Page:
How to Write a Horror Story Based on an Urban Legend

I don't know about you, but this monkey scares me a whole lot more than Bigfoot!
I don't know about you, but this monkey scares me a whole lot more than Bigfoot! | Source

If we wanted to talk about how to write a good horror story, we'd be here all day (and likely all night, too). The truth is that everyone is different. What I might like in a tall tale, you might find cheesy or unbelievable. So what makes that awesome, scary, successful story? Have you thought about urban legends? They're more prevalent in fiction and pop culture than you may think. In order to write any good story, though, there are a few things you need to contemplate.

If you don't have time to read, you don't have the time (or the tools) to write. Simple as that.” ― Stephen King

Who are we to argue?

The best writers are the folks who read everything they can get their hands on. They don't do this to try to steal other people's ideas, they do it to stimulate their own imaginations. Anybody who has ever read Where The Wild Things Are and didn't imagine themselves as Max running around in a wolf suit will never be a convincing fiction writer. That's the honest truth of it. To be a novelist, especially in the field of horror, you have to be able to let your mind go to places that your readers could never imagine without your help.

When it comes to urban legends, there are literally thousands to choose from - maybe even millions. Alligators in the sewers, nefarious kidney thieves and even a killer running around in the woods with a hook for a hand have all made appearances in pop culture at some point. The best advice I can give you is to pick a really, REALLY thick book about them and start reading. Do some internet research about urban legends in your area and start investigating. Nearly every small town has a "crybaby" bridge or a Lover's Lane that could be stalked by a homicidal madman. Don't forget cryptids - Sasquatches, The Loch Ness Monster, Skunk Apes and even the Beast of Bladenboro, a vampire like wolf-creature that hangs out in North Carolina, are all food for thought.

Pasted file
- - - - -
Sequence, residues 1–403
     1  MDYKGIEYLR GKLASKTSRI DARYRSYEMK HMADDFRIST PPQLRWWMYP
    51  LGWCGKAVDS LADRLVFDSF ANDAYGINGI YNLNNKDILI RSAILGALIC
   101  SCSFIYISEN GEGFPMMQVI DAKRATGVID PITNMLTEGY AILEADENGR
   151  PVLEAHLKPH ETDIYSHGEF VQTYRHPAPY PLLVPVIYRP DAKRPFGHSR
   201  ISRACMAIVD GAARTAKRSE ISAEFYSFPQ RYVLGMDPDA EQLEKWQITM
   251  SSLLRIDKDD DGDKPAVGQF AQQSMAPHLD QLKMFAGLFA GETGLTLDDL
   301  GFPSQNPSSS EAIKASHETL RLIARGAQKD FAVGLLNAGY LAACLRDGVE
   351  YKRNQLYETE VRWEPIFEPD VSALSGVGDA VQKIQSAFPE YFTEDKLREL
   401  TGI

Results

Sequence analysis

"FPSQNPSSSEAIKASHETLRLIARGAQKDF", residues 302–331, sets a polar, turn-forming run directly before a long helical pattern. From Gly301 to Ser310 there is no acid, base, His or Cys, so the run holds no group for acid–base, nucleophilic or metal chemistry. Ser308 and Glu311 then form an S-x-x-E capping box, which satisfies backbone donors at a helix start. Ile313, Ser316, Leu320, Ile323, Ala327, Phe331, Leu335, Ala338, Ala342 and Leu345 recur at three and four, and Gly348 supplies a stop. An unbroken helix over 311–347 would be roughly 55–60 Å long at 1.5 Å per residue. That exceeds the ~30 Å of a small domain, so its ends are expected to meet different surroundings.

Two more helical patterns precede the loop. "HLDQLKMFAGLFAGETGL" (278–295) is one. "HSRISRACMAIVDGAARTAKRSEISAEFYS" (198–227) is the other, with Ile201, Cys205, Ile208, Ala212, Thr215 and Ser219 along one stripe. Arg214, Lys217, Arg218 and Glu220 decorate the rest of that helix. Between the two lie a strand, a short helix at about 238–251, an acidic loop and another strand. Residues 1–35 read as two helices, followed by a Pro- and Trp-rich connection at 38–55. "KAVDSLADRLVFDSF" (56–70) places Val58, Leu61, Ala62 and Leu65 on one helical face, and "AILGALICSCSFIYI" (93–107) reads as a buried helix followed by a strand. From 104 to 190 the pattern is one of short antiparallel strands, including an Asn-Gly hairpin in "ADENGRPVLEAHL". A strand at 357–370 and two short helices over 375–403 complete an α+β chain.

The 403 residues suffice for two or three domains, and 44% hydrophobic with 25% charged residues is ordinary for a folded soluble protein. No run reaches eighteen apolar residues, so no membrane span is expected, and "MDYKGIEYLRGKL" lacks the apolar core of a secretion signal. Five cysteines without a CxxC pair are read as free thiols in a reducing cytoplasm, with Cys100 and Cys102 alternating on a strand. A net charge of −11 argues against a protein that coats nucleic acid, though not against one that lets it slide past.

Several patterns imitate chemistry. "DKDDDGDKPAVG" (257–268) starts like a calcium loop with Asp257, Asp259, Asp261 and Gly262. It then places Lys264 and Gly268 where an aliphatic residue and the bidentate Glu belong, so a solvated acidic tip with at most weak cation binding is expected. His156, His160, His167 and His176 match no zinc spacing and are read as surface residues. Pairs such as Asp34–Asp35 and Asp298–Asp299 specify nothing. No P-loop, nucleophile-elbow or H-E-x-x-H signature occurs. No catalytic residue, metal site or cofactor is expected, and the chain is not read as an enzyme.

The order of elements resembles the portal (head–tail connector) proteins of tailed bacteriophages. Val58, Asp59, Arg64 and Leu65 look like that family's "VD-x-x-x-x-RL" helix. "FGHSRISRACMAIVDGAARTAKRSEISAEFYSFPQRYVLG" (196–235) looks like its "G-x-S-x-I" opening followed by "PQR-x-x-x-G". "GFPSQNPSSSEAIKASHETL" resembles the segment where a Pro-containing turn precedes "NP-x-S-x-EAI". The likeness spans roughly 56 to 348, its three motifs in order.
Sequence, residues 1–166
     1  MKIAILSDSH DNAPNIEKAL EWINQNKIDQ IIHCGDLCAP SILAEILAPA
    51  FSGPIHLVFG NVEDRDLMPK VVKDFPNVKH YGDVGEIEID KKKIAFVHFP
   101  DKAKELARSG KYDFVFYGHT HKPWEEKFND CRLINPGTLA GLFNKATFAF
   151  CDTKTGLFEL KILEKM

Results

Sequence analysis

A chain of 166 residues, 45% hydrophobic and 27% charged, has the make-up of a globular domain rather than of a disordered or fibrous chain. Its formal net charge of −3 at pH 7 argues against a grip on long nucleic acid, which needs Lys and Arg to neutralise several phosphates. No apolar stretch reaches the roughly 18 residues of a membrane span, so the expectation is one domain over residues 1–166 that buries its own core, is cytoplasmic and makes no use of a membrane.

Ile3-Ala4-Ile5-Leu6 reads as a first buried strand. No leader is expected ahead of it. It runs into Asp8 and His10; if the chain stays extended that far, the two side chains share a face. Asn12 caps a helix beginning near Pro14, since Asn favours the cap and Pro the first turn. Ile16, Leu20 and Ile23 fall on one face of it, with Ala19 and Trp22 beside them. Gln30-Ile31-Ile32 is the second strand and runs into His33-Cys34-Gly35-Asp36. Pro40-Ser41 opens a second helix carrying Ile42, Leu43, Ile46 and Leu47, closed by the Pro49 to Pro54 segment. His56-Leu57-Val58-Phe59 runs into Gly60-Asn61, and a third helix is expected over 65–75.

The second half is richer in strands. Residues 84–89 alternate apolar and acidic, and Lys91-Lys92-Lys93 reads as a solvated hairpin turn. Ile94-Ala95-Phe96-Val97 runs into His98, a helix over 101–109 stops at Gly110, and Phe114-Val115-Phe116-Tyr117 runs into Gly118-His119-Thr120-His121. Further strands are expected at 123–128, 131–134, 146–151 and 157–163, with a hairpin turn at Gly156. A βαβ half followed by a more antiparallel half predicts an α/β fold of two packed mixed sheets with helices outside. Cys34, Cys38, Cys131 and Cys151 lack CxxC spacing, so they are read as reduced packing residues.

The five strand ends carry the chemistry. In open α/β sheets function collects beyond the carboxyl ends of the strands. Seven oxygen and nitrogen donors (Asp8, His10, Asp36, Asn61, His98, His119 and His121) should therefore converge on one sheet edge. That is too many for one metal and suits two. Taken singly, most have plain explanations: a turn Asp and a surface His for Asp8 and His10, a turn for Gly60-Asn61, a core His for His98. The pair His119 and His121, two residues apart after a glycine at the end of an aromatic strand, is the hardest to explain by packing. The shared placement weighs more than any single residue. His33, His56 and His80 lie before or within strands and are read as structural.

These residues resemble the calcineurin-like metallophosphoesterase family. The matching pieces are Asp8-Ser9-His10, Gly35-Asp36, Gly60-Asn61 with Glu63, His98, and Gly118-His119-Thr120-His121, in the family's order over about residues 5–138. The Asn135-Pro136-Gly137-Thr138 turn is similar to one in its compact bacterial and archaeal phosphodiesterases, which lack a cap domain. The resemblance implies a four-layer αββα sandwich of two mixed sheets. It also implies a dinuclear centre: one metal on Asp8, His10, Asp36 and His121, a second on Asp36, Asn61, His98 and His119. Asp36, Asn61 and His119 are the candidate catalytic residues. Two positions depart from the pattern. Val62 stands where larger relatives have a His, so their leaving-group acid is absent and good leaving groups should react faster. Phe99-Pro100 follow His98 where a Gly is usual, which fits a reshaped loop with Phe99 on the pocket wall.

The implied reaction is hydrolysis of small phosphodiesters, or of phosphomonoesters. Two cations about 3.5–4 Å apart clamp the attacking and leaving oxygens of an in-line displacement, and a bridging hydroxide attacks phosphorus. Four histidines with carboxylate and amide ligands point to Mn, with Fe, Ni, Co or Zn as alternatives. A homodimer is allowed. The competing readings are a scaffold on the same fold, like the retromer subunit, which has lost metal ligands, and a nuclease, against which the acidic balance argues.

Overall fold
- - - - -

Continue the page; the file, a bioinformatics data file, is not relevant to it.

Urban Legends and Pop Culture

Think it's been overdone? Sure there isn't room in the literary world for one more tall tale about local legends? Consider this: There are literally hundreds of books and movies about urban legends. Did you see any of the 1980s films in the Gremlins franchise? Did you know that a gremlin was a fictional animal that was made up to jokingly explain mechanical failures during World War II?

The urban legend has fueled many novels, short stories and even movies. In fact, some of the same stories keep getting rewritten and passed off as new ones. Here is a short list of other movies and books based on myths and legends:

  • The Ring, a Japanese tale about a VHS tape, a creepy girl and a bunch of dead folks, is a good one. Also in the same vein using malevolent spirits are Dot Com, The Unborn and Dark Water. Add in a homicidal maniac who dies in the gas chamber or under mysterious circumstances and comes back for revenge, and you have Chucky, My Soul To Take and Nightmare on Elm Street, among others.
  • I Know What You Did Last Summer, Scream, Sorority, When A Stranger Calls, Etc - All of these are hugely popular (if cheesy) films based on several different myths. The babysitter keeps getting creepy calls from a bad guy who may or may not be in the house and a bunch of people keep getting bumped off because they killed someone and thought they didn't leave witnesses - this is the theme that never ends. (It just goes on and on my friends.)